The issue of academic public engagement is not simply an issue of being present in policy discussions and debates, but also about what academics actually do when they enter public spaces. As mentioned by others, marginalized scholars and those from fields such as African American Studies and Gender Studies have been speaking up on the issue of how academics engages with communities and the public and rectifying the damage of harmful research practices for years. Kristof and others ignore these efforts, likely because residents of public housing, indigenous people, and other marginalized people aren’t the “public” that should matter to academia; instead, academics are encouraged to consider “political diversity” in their public offerings. I suggest that, rather than pander to political interests, we should encourage academics to expand the notion of the public itself, taking a more critical approach. For example, as a master’s student who entered academia with knowledge of the history of exploitation of communities of color, I find the lack of ethics training for sociologists - beyond concerns about plagiarism and basic adherence to IRB - to be a problem. We build our careers off of studying the social life and stories of other people and are submerged in a culture that, more often than not, treats people as opportunities for information extraction and exploits research subjects. Alternatively, if we taught scholars to engage in an ethic of equivalent exchange (an idea I borrow from a favorite TV show), giving equal value to what we are obtaining, we can make sure that their participation in our work will be worth their time. Research like that of Celeste Watkins-Hayes are examples of how scholars have given back without compromising their academic goals.

In addition to our relationship with the public that we collect our data from, another way to deal with harmful public engagement is to take more responsibility for how our research is used. Again, there is little training for academics on how to properly disseminate their research to the public. It is a well-known problem that policymakers and news writers often misinterpret research findings or ignore them because they don’t fit their preconceived ideals. Academic institutions need to develop ways to allow academics to speak truth to power, being less concerned with being accepted in certain policy circles, and more concerned with telling the truth about the (social) world. Because the dynamics of the neo-liberal college campus rarely encourage this kind of activity, we have seen the rise of blogs as spaces for this kind of truth-telling. Examples of this include Conditionally Accepted and the The Society Pages, along with this blog and my own work with the Rebel Researchers Collective.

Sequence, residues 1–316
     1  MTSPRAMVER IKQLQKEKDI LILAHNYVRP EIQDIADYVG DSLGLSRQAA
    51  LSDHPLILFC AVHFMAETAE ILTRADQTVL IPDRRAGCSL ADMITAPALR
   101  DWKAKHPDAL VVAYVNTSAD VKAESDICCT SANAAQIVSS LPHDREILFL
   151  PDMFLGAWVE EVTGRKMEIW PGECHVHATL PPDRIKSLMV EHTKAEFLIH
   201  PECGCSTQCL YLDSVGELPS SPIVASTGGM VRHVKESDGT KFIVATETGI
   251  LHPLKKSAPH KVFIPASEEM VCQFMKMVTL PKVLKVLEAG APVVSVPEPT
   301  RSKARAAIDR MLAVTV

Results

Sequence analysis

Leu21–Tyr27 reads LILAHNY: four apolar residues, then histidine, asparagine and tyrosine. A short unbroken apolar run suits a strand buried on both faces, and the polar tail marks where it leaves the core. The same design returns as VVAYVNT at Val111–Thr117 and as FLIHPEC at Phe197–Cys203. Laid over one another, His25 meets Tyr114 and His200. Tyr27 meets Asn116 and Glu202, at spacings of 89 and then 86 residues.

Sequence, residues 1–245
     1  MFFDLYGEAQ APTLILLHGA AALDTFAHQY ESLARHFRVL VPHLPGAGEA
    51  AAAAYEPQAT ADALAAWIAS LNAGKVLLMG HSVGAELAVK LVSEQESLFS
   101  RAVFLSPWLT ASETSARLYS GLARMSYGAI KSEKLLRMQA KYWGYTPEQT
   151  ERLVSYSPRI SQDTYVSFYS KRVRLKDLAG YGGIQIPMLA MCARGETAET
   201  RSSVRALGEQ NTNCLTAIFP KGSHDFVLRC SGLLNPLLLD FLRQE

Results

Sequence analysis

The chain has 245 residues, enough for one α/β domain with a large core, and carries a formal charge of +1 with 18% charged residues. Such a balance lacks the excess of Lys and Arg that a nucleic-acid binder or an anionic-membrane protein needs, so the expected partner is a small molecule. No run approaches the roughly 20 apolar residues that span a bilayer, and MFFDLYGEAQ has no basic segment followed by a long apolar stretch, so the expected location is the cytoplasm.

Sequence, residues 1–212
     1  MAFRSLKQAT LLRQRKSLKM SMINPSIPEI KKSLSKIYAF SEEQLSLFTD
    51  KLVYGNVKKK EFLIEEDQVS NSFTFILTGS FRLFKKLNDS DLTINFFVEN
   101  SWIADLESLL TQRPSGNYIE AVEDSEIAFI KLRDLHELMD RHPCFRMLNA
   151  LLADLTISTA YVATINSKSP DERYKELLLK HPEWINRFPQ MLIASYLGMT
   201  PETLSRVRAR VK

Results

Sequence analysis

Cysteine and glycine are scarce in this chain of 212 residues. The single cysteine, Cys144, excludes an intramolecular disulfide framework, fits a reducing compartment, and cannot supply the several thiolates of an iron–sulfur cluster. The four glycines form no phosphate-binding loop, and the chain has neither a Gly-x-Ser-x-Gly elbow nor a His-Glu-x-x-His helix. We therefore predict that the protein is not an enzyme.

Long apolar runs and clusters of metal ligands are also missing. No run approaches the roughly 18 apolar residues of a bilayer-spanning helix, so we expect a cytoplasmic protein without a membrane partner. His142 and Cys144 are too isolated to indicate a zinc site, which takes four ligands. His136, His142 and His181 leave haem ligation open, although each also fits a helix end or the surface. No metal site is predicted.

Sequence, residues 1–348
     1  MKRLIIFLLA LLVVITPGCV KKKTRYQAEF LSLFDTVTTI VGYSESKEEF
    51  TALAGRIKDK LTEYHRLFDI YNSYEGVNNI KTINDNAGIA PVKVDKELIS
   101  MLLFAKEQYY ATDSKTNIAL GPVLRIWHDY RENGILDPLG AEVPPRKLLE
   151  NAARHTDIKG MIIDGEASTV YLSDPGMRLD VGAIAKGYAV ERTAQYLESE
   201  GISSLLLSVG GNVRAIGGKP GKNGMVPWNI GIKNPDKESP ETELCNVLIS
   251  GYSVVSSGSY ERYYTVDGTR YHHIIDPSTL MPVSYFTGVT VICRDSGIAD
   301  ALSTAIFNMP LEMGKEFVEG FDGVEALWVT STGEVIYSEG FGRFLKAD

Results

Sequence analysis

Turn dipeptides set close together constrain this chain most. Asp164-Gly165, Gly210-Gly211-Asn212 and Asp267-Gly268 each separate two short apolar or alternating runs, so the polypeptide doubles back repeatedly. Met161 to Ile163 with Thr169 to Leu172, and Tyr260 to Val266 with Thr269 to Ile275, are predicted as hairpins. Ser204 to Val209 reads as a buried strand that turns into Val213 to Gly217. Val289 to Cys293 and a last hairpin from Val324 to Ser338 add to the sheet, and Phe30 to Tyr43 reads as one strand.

The purpose of this post is to shift the debate about public engagement in a way that furthers the argument of my fellow scholars: we are indeed engaged, but that engagement often goes uninterrogated and unchallenged. As an advocate for marginalized people within academia, I believe that a real discussion about public engagement includes the responsibility of academics to first engage with the public that is both the sustainer of our work and the one most vulnerable to the consequence of how our work is consumed and used.

William Jamal Richardson is a Ph.D. Student in Sociology at Northwestern University. His research uses postcolonial and African-centered perspectives to explore dynamics of racial residential segregation, use of knowledge by social movements, and knowledge production in academia. William is also editor-in-chief of the scholar-activist and social justice website Rebel Researchers Collective.

If you are interested in participating in our Scholars Strike Back series, please contact assistant editor, Gwendolyn Beetham.